In order to maintain my license and remain an attorney in good standing in the State of New York, I’m required to attend 24 hours of continuing legal education (CLE) every two years. After 25 years practicing law, it’s become increasingly challenging (and this past year, a scramble) to find interesting and reasonably priced classes for me to certify to this requirement.
In light of the recent media panic over FaceApp regarding privacy concerns and the release of personal data to the Russians, I was enthusiastic to attend a CLE entitled “Protecting Confidentiality and Trade Secrets and the Perils of Social Media.” While the loss of personal privacy was disappointingly not covered, learning about the protection of confidential information in the corporate setting is valuable to my practice. I often draft and negotiate Confidentiality and Non-Disclosure Agreements (NDAs) on behalf of my corporate clients.
Nevertheless, since the beginning of the digital age, I’ve had questions with respect to the protection of customer/client lists. This class provided me a terrific opportunity to get the perspective of NY litigators in 2019 regarding the current status of protecting confidential information in the age of Outlook and LinkedIn — which allow “contacts” and other information to be portable when an employee leaves a company.
I learned that a protectable customer list must include more than general contact information. It should be a list that provides information about the relationship between the customer and the company, such as customer preferences. But what constitutes “general contact information” in a world with Facebook and LinkedIn?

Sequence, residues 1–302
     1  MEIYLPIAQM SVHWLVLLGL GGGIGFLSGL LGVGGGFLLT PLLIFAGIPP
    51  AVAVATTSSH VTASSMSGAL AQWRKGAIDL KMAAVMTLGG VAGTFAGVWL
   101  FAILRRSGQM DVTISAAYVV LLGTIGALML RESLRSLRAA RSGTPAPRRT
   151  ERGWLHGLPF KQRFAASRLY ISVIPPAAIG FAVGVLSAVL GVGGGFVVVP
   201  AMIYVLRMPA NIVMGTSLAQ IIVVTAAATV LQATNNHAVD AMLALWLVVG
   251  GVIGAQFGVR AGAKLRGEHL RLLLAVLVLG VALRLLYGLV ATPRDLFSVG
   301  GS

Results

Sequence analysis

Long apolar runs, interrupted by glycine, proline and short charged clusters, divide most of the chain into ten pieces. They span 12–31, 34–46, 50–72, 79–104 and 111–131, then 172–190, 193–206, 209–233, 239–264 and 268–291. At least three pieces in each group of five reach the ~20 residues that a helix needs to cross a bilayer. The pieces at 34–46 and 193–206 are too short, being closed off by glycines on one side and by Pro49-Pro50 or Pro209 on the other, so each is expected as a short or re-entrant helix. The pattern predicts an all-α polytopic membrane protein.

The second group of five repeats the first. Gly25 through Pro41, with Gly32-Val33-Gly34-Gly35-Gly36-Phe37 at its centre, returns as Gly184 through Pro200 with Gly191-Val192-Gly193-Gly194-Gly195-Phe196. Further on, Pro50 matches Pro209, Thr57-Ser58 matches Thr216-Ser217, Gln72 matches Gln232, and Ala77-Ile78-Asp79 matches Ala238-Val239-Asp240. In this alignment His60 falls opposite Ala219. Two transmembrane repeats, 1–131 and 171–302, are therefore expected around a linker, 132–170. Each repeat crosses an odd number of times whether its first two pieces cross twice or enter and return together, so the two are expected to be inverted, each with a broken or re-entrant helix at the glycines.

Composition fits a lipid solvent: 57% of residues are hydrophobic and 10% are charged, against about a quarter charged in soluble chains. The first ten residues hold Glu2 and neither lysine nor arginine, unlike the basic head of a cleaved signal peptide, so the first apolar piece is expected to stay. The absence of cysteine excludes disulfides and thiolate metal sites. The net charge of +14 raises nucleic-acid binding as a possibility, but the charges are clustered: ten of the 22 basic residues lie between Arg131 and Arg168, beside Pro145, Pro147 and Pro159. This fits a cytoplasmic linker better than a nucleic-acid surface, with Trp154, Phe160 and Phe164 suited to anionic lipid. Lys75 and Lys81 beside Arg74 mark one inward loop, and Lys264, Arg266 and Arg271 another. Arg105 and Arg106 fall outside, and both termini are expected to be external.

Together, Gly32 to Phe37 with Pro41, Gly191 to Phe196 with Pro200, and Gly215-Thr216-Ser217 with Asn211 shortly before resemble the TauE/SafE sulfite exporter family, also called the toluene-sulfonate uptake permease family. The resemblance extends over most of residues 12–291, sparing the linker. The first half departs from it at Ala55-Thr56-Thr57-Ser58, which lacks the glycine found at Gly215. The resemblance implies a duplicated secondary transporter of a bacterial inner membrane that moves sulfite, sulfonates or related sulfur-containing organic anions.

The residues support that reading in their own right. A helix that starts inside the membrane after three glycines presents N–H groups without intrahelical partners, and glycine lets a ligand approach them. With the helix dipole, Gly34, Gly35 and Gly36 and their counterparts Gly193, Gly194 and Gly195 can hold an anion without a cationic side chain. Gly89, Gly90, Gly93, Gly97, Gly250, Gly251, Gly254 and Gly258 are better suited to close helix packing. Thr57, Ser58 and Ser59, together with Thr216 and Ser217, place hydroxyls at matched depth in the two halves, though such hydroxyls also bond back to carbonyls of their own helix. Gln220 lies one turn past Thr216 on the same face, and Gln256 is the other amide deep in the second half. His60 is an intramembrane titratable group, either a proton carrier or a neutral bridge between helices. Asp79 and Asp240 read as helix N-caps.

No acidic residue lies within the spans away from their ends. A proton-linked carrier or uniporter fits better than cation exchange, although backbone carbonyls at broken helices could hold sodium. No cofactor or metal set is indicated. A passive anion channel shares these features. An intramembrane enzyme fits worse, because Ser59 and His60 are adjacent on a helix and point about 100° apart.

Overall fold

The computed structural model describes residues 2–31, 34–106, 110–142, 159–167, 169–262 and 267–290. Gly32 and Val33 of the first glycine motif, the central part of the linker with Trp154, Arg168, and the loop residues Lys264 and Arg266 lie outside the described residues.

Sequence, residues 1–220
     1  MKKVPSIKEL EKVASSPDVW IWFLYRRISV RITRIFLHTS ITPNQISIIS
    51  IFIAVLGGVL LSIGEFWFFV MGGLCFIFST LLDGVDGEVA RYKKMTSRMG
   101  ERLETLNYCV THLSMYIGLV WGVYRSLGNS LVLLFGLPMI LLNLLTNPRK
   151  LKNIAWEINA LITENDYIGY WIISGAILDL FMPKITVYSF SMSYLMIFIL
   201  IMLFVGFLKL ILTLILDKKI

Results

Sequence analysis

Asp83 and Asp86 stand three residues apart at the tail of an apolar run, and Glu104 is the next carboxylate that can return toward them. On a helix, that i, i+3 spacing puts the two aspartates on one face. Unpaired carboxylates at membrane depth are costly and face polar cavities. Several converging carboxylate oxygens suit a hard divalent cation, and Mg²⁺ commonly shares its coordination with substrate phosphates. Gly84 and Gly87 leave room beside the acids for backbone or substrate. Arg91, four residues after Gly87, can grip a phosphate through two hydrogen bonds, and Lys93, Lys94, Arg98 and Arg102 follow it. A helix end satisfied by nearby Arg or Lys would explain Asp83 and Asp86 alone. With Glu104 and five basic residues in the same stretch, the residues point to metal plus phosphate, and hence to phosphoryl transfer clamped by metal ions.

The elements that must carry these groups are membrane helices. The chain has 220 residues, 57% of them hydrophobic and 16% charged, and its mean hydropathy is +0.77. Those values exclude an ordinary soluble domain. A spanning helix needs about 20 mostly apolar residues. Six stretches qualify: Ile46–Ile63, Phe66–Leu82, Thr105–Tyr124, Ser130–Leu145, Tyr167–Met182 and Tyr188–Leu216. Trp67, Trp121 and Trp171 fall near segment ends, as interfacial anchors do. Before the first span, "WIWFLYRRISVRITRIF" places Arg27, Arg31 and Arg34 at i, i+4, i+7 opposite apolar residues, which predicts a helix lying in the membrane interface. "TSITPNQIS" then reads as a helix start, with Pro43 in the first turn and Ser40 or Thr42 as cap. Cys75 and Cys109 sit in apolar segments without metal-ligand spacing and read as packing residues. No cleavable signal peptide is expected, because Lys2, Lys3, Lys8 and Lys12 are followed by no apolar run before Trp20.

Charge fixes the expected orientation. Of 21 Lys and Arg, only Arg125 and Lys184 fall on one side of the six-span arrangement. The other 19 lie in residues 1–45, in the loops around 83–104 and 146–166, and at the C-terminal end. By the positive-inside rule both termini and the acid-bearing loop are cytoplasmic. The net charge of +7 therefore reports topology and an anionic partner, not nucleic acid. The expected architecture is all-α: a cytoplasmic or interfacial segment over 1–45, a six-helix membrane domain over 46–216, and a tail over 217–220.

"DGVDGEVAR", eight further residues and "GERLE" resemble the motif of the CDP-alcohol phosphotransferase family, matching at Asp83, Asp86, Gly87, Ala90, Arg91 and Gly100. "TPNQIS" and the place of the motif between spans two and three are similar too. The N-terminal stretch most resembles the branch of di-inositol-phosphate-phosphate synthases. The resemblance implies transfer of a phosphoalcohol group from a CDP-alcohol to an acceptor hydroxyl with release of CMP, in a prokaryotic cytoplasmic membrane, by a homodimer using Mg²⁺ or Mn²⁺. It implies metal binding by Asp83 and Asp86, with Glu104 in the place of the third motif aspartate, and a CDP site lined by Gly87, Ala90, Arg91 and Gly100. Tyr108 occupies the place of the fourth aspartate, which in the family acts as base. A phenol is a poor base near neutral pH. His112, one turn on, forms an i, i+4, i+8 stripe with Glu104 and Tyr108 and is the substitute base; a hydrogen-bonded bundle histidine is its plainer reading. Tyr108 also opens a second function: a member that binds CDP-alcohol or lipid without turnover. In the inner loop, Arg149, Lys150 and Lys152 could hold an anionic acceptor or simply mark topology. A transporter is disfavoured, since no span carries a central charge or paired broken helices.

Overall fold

I also learned that corporations are no longer trying to limit the personal use by employees of their company-owned computers, as this was just not practical. Nevertheless, social media accounts created or used by employees on behalf of the company are considered to be the property of the company, including the followers, the contacts and the content. But, what does it mean to call the followers and contacts of a company’s social media account the company’s property if an employee’s Outlook and LinkedIn contact lists are considered portable personal property?
Before LinkedIn, knowing someone’s professional and educational history, among other things, required having a direct personal connection. Diligent employees may have noted this type of information in their Rolodex. Today, this and other information is available to everyone in the universe. LinkedIn helped develop customer and other relationships by skipping a step or two in the connection making process. I question whether a company could assert a successful claim to ownership of an employee’s LinkedIn contacts if the list of connections consists solely of customers of the company.
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